By a vote of 75-20, the Senate has given final passage to a Federal Aviation Administration reauthorization bill that would make it tougher for transportation workers to unionize. Under the bill, the National Mediation Board -- the agency that manages labor issues for the railroad and airline industries -- would not be allowed to call for an union election unless at least 50 percent of the employees of a company sign authorization cards requesting an election.Read Full Article Comments (21)
No jobs bills on the calendar yet. But don't worry, they're going pivot soon. For now, Congress is sticking to pretty much what they've been doing all along. In the House they'll be treading water with suspensions bills, passing anti-union legislation that's going to die on the Senate. Stuff like that. In the Senate they'll start out by voting on a motion to overcome Republican opposition to a bill to apply sanctions to the military regime in Burma. That bill will probably pass unanimously, but the Republican minority is going to use the Senate rules to make sure it takes up as much of the Democratic majority's time as possible, because, you know, they don't want them to have time for other stuff that might be more popular, like job creation.Read Full Article Comments (4)
The August jobs report is out -- the first since the debt deal passed and the S&P downgraded the U.S. credit rating -- and the key number to the whole thing is zero. Zero jobs were created in August. The private sector produced a measly 17,000 jobs, but those gains were entirely erased by the 17,000 jobs that were lost in the public sector due to state and local government budget cuts. Hours worked were down, wages were down, and the unemployment rate for blacks jumped by nearly a full percentage point to 16.7% nationally. There's basically nothing good in the report to point to.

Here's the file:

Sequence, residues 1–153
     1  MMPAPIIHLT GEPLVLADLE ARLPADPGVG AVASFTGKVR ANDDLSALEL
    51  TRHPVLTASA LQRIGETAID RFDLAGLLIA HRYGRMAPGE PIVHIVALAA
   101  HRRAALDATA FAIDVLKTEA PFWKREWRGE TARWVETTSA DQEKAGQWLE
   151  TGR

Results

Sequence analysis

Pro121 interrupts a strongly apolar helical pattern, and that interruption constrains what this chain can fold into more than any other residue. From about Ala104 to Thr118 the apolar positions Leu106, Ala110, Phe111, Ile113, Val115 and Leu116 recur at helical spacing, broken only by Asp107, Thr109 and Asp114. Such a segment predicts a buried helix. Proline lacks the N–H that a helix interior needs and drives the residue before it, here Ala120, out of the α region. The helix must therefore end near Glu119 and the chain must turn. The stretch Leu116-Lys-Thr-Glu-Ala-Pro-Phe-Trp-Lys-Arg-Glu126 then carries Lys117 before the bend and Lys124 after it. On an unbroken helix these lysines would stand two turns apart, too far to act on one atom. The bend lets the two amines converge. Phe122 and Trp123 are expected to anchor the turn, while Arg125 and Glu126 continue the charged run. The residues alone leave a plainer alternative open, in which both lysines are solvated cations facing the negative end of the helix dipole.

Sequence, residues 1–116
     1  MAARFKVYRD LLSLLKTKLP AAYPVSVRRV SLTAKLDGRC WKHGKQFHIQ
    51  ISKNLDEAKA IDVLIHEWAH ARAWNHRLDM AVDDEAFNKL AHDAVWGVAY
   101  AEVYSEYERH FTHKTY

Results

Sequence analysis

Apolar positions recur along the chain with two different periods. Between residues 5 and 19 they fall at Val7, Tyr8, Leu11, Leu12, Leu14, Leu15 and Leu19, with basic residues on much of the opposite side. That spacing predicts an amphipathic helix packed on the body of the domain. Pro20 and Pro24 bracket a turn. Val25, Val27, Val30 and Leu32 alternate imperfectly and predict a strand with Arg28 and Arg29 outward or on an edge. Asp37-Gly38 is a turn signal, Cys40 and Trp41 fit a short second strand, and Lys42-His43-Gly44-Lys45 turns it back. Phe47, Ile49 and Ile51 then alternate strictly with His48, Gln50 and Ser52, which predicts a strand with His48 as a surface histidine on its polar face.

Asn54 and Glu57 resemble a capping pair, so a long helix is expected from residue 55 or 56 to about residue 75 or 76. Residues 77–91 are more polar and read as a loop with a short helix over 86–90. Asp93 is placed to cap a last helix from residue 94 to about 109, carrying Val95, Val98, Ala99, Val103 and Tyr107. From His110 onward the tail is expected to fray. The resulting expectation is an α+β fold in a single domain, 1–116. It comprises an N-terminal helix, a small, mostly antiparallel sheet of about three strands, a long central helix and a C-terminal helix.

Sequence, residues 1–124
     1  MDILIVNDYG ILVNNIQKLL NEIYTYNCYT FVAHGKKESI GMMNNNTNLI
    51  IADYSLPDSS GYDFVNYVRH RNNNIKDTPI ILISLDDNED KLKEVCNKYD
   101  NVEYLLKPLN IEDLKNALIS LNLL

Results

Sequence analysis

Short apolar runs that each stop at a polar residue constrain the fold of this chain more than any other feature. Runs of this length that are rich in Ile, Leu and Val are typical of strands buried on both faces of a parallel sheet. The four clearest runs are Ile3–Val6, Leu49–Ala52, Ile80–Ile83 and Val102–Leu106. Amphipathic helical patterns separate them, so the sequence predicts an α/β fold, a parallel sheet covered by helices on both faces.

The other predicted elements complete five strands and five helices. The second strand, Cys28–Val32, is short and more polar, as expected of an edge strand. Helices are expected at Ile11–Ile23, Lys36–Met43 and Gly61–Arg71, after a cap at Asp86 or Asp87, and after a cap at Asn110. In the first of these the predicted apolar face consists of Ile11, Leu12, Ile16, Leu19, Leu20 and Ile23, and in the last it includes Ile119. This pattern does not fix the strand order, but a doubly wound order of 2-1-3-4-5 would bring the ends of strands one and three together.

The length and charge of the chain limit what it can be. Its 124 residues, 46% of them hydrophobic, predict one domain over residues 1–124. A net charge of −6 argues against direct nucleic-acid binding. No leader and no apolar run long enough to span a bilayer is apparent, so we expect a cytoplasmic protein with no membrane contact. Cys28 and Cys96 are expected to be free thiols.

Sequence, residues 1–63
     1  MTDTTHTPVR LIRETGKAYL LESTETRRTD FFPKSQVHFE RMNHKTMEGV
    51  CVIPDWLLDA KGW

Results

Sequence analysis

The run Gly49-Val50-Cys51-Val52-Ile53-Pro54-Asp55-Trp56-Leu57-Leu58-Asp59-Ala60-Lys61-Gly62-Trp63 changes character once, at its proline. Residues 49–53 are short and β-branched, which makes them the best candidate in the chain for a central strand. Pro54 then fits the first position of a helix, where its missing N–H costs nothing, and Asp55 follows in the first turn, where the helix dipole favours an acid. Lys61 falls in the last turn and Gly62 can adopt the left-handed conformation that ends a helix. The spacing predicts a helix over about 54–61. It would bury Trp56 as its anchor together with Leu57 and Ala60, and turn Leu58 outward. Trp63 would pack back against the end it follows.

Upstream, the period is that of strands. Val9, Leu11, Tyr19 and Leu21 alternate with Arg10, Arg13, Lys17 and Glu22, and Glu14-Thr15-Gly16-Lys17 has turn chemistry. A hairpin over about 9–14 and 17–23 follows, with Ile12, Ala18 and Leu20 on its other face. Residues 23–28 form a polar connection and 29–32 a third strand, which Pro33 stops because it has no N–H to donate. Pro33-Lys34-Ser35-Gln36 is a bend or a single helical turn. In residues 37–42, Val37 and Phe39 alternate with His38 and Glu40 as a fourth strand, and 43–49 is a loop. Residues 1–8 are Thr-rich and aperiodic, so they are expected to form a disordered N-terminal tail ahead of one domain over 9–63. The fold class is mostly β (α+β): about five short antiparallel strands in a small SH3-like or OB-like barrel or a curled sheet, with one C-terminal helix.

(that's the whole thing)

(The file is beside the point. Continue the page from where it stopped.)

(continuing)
When Congress comes back next week, the focus is going to be on competing jobs bills from the Republican House and the Obama Administration. Unfortunately, it looks like none of them are going to pass. Both sides have decided that their best move is to try to use the gridlock to their advantage politically. They're not willing to do for the jobless what they did for the banks with TARP -- throw the political concerns aside and do what it takes to save them. But it's not just jobs bills that Congress will be fighting over when they come back. They also have some important authorization bills up for renewal that have so far been stymied over partisan battles on union-organizing rules and other issues. If they're not going to pass a job-creation measure they should at least find a way to pass these bills so they can prevent millions of of private and publica jobs from being lost.Read Full Article Comments (7)
The House kicks things off this week with a quick vote on extending three government surveillance powers from the PATRIOT Act. It's going to be done under a closed rule so it's expected to pass without any hiccups, though it's going to be interesting to see what kind of motion to recommit the Democrats go with on this. Once that's all set, the House will transition to budget land, with debate beginning on the Republicans' budget proposal for the rest of the year just one day after President Obama is scheduled to officially his preferred plan for next year. The 2011 budget was left unfinished by the Democrats last year and is being handled as a continuing resolution. A copy of the cuts Republicans are proposing can be downloaded here.
The Senate, meanwhile, will continues debating that left-over FAA Authorization bill that they've been on for two weeks already. Remember, this passed the Senate last year by a vote of 93-0. It's not a controversial bill, it's just taking forever because Majority Leader Harry Reid [D, NV] has left it open to amendments as a test run of his gentlemen's agreement with Minority Leader Mitch McConnell [R, KY]. There's no way of knowing how long this "debate" will last.Read Full Article Comments (5)